As humans, we all want to belong. We all want to know how we are different and how we are the same. We all want to know what our role is in any given group or situation. We want to feel needed, productive, and vital. It's an integral part of who we are. We also want autonomy. We want to feel independent and self sufficient. Lastly, we are motivated by competency. When we complete a task it helps us to gain confidence, feel satisfied, and encourages us to work to complete more tasks and increase our knowledge and ability. Here you can read a great post about the ingenuity of preschoolers when the only reward was successfully reaching the cherries they themselves decided to go after.

If intrinsic rewards are clearly the ideal, why aren't we all using them? Part of it is that extrinsic rewards are so much easier in the short term. Another piece of the puzzle, though, is that we can only work towards the intrinsic motivators if we first meet the basic needs for survival and happiness. For example, a child must be fed when they are hungry, changed when they are wet, and given love when they seek it. It's Maslow's hierarchy of basic needs. In order to get to the first innate need (community), first physical and safety needs must be met. Basically, it's equal to love and belonging on Maslow's hierarchy. Next, then, would be self esteem. This, for me, is very like autonomy. Once the need of autonomy is met then we can get to the very top of the hierarcshy: competence or self-actualization.

We, of course, now know that the hierarchy is not a simple as that. Just like many things, humans are much more complex than that. Still, it serves as an easy way to look at the importance of intrinsic motivation and of meeting these innate human needs. It also serves as a great way to consider extrinsic rewards in relation to intrinsic rewards. We've already assessed that the top three portions of the hierarchy relate to the intrinsic rewards of community, autonomy, and competency. Where, then, would extrinsic rewards lie? Money, for instance, is an extrinsic reward. Money typically falls under safety. It provides us with security. Let's look at an extrinsic reward that more directly relates to children: the pleasure of the adult. I argue that this also falls under security. It's security that your needs will be taken care of. You do not fear that the adult will not love you as long as you continue along the path they've created for you.

Again, this post is getting quite long and I still have much more I could say! If you are further interested in active participation and intrinsic motivation the links below give some great further information:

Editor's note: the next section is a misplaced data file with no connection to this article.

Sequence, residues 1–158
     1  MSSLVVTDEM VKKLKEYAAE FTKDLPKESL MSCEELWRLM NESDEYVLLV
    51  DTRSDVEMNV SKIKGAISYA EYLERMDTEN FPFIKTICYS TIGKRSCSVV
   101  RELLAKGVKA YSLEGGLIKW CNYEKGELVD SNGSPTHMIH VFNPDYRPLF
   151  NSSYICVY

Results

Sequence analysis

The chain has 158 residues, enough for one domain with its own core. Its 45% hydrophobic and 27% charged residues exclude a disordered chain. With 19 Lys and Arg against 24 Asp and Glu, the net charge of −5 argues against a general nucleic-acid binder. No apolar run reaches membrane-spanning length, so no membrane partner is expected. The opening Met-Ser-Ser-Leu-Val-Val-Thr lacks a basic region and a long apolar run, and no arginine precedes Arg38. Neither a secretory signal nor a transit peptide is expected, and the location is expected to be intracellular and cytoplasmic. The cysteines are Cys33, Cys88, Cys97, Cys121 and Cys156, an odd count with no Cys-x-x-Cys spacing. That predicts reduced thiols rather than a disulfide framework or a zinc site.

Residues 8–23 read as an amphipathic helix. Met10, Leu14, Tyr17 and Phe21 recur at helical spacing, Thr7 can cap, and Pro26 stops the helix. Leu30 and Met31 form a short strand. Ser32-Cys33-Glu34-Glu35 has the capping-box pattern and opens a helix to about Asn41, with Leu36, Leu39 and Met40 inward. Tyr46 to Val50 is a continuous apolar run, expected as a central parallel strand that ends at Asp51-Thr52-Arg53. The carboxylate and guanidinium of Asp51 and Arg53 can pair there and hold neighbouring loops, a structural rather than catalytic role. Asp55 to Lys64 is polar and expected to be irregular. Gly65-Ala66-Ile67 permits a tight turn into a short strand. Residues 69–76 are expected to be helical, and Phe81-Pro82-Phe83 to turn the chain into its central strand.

An article from Early Childhood Education Journal that explores fostering intrinsic motivation written in 1998.

A great article from Janet Lansbury on connecting with a child and remembering their need for autonomy.

Also if you missed it earlier, I can't recommend this Ted Talks with Dan Pink enough!


Sunday, February 3, 2013

Drawing

 Water color has not been our only exploration on paper lately. Over the last few months, even before introducing the water colors, we have begun to work with pens and pencils on paper. The children usually prefer to use pens. They seem to enjoy the smoothness of then pen rolling over the paper and the thin lines it creates. We've used markers as well but anytime pens are offered alongside another tool, pens are heavily preferred. IS and LC especially love drawing on paper. IS often begins by drawing on his own paper then holds his pen still in his hand while quietly observing the others as they work. Occasionally he will cease observing to spend a few seconds drawing more on his paper, but the bulk of his time is observation.

 
LC spends the bulk of her time drawing and only a small amount of time watching others. She mostly looks up to make sure that others are still drawing. If someone has stopped drawing, she will often motion for them to begin again. Her focus while working on her own paper is intense. She is sure and certain as she glides the pen across her paper.

We had the chance to draw on other surfaces at the preschool house but have only used paper in our own classroom. Moving forward we will soon be bringing an easel into our classroom to explore additional surfaces for drawing and introduce more tools (ie white erase markers). We also plan to continue our exploration of lines with chalk on canvas. We have also begun to color our drawings with water colors.